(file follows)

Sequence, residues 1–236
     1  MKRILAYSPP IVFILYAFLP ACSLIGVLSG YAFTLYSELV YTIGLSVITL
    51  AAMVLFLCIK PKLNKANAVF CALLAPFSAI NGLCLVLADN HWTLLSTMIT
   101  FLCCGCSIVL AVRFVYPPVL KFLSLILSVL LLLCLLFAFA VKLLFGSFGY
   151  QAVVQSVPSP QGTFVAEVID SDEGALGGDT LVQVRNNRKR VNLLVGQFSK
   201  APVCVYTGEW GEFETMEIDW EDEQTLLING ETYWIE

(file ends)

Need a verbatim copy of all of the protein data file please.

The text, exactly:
Sequence, residues 1–236
     1  MKRILAYSPP IVFILYAFLP ACSLIGVLSG YAFTLYSELV YTIGLSVITL
    51  AAMVLFLCIK PKLNKANAVF CALLAPFSAI NGLCLVLADN HWTLLSTMIT
   101  FLCCGCSIVL AVRFVYPPVL KFLSLILSVL LLLCLLFAFA VKLLFGSFGY
   151  QAVVQSVPSP QGTFVAEVID SDEGALGGDT LVQVRNNRKR VNLLVGQFSK
   201  APVCVYTGEW GEFETMEIDW EDEQTLLING ETYWIE